Reynolds Tavern Christmas Pudding
Story & Photography by Christine Fillat
The flavors of delicacies in life transport you: the crunchiness of the fig seeds, the bite of citrus zest, the enveloping aroma of a generous pour of brandy; the moistness that can only come with hours of gentle steaming, the toothsome counterpoint of sweet hard sauce. This is the dessert that memories are made of. When I asked Marilyn Burge, of historic Reynolds Tavern, to create a fabulous holiday dish for us, she absolutely could make nothing less than her Christmas pudding.
• 1 1/2 cups dried currants
• 1 cup raisins
• 1 1/2 cups golden raisins
• 1 cup dried figs, chopped
• 3/4 cup brandy
• 1 large Granny Smith apple
(peeled and cored) and finely grated
• Zest and juice from one orange
• Zest and juice from one lemon
• 3/4 cup butter
• 2 cups shredded white bread crumbs
• 1 1/4 cups finely ground almonds
• 1 1/4 cups flour
• 1 teaspoon baking powder
• 1/4 teaspoon baking soda
• 1 1/2 teaspoons cinnamon
• 1 teaspoon ground ginger
• 1/2 teaspoon cloves
• 1/2 teaspoon nutmeg
• 1/2 teaspoon salt
• 3 large eggs
• 1 cup firmly packed dark brown sugar
Grease a 2 1/4 quart, heat-proof ceramic bowl with softened butter. Make sure the bowl will fit onto a stock pot or Dutch oven for steaming. You can place a heat-proof trivet on the bottom of the pot to raise the pudding from the pot’s base, or if you have a large stock pot that has a steaming insert, this works great, too.
In a large saucepan, combine the currants, raisins, golden raisins, dried figs, and brandy over medium heat. Simmer about 5 minutes and let cool. When completely cool, stir in the grated apple and orange and lemon zest and juices.
In a separate bowl, toss together bread crumbs, flour, almonds, baking powder, baking soda, and the spices.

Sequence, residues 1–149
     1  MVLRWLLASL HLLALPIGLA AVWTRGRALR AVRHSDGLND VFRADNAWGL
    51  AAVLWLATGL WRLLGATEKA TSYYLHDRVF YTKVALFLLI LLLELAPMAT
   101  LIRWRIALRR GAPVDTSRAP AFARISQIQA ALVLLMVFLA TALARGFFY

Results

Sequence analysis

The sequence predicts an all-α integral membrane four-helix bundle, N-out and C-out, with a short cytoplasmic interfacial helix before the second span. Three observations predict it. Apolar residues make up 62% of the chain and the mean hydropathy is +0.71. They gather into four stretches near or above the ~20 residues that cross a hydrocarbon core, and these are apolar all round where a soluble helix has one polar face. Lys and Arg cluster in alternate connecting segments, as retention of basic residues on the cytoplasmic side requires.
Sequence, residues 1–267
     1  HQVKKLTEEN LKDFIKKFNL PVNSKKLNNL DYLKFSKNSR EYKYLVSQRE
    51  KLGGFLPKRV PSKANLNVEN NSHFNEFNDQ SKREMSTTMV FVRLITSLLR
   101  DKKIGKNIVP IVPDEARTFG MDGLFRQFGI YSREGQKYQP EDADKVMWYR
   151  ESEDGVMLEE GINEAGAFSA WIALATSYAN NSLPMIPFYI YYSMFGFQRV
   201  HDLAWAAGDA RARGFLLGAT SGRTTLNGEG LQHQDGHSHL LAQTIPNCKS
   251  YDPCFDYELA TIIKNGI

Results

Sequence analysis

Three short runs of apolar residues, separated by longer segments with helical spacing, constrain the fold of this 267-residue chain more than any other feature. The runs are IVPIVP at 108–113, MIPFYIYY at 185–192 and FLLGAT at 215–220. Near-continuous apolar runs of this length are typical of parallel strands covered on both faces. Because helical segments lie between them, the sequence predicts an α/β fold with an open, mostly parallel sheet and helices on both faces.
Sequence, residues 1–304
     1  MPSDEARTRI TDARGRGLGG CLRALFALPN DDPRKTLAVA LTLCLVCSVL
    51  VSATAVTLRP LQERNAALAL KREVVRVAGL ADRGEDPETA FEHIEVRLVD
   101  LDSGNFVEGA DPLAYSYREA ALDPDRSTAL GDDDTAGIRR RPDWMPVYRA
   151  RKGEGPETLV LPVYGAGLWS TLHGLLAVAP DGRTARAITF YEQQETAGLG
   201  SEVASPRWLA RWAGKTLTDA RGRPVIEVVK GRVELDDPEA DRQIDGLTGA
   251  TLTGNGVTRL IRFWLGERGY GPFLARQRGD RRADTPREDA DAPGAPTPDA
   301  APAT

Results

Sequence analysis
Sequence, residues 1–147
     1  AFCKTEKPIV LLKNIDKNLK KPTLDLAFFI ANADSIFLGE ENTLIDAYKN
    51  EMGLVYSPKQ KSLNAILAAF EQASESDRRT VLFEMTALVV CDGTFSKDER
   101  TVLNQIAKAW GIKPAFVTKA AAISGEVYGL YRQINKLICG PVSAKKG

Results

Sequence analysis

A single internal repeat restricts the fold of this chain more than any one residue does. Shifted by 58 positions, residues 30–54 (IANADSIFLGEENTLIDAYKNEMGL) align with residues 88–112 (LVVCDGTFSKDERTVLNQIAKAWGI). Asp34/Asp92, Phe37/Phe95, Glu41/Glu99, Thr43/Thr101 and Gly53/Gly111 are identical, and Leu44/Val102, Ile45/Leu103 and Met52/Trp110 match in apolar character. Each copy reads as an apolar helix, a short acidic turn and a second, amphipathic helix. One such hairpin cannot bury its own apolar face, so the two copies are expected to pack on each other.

With an electric beater, beat together butter, eggs, sugar, and vanilla until creamy. Gently stir in the dried fruit and brandy mixture into the butter mixture. Carefully fold in the bread crumb mixture.
Pour the batter into prepared bowl; cover the top with buttered parchment paper that fits inside the rim of the bowl. Cover the bowl with a double layer of aluminum foil, crimping it well around the rim.
Lower your pudding into the stock pot or Dutch oven. You want the water to come about one half to two thirds of the way up the side of the bowl. Simmer the pudding gently over medium low heat for about 6 hours. (Check the water level occasionally and refill if needed.) The top center of the pudding should feel firm.
Let the pudding cool a bit; remove the foil and parchment paper. Wrap well, and refrigerate once cool. To serve, you will need to steam it again as before (about 2 hours). Remove the pudding and invert onto a platter. Pour 1/2 cup brandy over the pudding, dim the lights, and ignite! Serve the pudding with Brandy Hard Sauce.
Brandy Hard Sauce:
• 2 sticks unsalted butter
• 3 1/2 cups confectioner's sugar
• Grated zest from one lemon
• 1/2 cup brandy
Cream the butter and sugar until light and creamy. Beat in lemon zest, and slowly add brandy until well blended. Refrigerate; let soften just a bit at room temperature before serving with the pudding.
In 2004, Marilyn Burge and husband Wes, returned to Maryland with the opportunity to “Tavern Keep” in Annapolis. Their shared interest in history and passion for food has made them well suited to run Reynolds Tavern. Together, they ensure it is a lively and unforgettable part of Annapolis’ historic community.
For more information about Reynolds Tavern or to make reservations, go to www.reynoldstavern.org,
or call 410.295.9555.
Christine Fillat lives on the Magothy River and is an aficionado of Chesapeake Bay cooking and living.
From Vol. 4, No. 6 2013
Annapolis Home Magazine